Associate Professor, Program Director Advertising/Public Relations
Dr. Pamela Morris describes herself as someone who has always enjoyed diversity in her work and her life. There are several universities that she has lent her talents to, including Syracuse, DePaul, Northern Illinois University—and now, of course, Loyola University Chicago. Morris has held her position at Loyola for nearly ten years now, and she shares that what keeps her here is the students. “There’s something very thoughtful about our students,” she notes. “I’ve gotten to see a lot of students, and there is a diﬀerence.”
Having taught in places like Beijing and Rome, Morris ﬁnds it extremely important to take her lessons out of the classroom and into the real world. “I try to use PowerPoints only as a reference; I try to mix it up. I love to teach out of the classroom. You don’t have to go over to Rome [for the experience]. We can use Chicago as a classroom.” Since Morris primarily teaches advertising classes, venturing into the real world is extremely valuable to her students. Having class in diﬀerent places around the city gives them the opportunity to study the eﬀectiveness of advertisements in real time.
One of the more important things to Dr. Morris is ensuring that she equips her students with the proper knowledge and ethics to go into the advertising ﬁeld: “Trying to teach students to be ethical and moral in their decisions in life, especially their professional life, is one of the reasons I came to the university. I wanted to give students the skills to be smart in advertising and not to stoop down and be unethical.” Morris speaks about her time in advertising, recalling that some professionals would often abuse their power and authority. “I hated that. I fought against that. I said, we need to be smart and do the best research to outsmart our competition, not like some professionals who think you can take shortcuts. I love the advertising profession and the beautiful messages you can make, and I hate that it can become a horrible, thoughtless industry. It’s not, it really isn’t. I want to make sure we ﬁll the profession with good people.”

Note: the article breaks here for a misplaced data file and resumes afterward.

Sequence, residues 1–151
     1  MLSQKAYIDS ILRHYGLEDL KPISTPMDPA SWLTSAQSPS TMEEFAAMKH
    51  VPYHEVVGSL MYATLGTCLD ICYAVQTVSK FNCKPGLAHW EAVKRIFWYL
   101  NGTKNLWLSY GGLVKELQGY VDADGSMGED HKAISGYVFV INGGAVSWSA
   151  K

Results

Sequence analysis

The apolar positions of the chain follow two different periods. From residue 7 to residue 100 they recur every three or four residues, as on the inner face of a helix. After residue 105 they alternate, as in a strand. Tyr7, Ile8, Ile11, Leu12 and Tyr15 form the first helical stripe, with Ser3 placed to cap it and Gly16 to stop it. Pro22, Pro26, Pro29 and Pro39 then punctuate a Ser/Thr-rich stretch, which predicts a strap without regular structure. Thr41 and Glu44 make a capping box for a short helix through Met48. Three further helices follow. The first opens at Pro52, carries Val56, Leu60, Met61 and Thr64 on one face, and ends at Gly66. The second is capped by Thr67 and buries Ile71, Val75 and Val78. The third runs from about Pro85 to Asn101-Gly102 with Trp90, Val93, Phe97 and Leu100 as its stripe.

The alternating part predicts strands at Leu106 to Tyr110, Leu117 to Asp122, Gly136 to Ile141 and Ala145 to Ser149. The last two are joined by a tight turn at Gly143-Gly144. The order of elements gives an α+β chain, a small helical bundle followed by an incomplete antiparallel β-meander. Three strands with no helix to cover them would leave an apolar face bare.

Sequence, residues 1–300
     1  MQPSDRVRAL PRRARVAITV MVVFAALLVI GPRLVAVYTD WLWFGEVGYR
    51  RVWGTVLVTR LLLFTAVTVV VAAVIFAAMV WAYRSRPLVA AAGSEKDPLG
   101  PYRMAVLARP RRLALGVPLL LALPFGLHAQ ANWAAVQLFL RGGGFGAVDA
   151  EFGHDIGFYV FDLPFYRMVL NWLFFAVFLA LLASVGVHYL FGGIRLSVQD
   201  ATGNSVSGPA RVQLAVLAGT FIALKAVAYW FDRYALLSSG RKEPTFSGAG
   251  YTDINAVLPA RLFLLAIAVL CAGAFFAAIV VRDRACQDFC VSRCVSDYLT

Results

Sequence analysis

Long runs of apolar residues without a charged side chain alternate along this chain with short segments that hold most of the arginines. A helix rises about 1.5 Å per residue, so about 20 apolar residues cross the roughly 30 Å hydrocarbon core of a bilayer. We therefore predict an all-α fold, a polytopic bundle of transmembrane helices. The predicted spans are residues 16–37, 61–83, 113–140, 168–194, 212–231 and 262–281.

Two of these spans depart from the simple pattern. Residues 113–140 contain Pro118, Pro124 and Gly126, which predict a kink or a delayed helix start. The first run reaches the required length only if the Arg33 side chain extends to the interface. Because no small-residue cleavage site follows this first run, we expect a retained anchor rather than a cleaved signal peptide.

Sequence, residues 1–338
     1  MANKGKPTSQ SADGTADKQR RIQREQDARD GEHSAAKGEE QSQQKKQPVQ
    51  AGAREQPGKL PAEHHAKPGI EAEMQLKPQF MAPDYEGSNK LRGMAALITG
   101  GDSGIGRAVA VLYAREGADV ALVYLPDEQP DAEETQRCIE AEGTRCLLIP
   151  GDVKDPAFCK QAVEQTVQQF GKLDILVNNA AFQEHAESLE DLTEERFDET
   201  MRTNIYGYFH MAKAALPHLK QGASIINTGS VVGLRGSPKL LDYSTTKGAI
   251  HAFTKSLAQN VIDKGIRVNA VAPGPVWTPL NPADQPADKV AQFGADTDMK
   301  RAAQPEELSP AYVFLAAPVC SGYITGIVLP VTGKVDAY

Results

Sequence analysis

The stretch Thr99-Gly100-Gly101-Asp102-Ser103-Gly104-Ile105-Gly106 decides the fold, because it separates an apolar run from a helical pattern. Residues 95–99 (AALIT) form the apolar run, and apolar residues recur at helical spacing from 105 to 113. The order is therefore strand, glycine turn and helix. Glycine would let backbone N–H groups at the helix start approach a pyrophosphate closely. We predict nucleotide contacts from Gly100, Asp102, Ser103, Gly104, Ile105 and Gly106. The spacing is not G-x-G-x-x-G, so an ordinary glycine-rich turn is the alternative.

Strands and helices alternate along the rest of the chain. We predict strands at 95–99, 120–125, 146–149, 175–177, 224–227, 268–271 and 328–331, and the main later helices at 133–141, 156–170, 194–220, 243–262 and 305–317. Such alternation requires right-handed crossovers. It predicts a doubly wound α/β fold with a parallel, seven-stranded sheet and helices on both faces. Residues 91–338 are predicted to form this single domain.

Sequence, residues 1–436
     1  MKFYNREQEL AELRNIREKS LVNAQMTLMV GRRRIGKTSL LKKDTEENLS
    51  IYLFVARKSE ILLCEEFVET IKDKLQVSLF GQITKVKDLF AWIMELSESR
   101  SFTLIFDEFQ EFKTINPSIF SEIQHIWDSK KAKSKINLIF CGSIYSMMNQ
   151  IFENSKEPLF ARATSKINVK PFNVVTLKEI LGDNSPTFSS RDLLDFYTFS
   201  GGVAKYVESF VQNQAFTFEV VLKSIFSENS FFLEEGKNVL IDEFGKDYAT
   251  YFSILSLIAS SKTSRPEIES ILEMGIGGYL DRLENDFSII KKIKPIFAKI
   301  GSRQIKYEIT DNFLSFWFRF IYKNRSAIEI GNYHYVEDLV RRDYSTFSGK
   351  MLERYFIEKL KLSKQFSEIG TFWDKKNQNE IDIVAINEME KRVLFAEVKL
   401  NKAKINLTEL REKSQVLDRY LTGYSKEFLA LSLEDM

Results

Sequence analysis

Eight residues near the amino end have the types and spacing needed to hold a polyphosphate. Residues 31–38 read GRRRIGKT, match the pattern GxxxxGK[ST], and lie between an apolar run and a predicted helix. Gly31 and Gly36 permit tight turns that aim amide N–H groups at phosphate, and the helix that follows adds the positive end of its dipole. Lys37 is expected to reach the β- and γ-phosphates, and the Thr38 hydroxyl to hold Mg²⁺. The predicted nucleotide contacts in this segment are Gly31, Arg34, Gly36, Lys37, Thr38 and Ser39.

Any class with Professor Morris is bound to be an exciting one, which anyone could see as soon as they meet her. Her vibrant personality and passion for her work are infectious. It is not only important to her to teach her students academically, but also to attempt to shape them into respectable, moral workers in their future careers. Her creativity, compassion, and kind heart make her a role model that students—and even colleagues—can always look up to.
Interview and write up by Mia Sciarrone
Student Worker, Faculty Center for Ignatian Pedagogy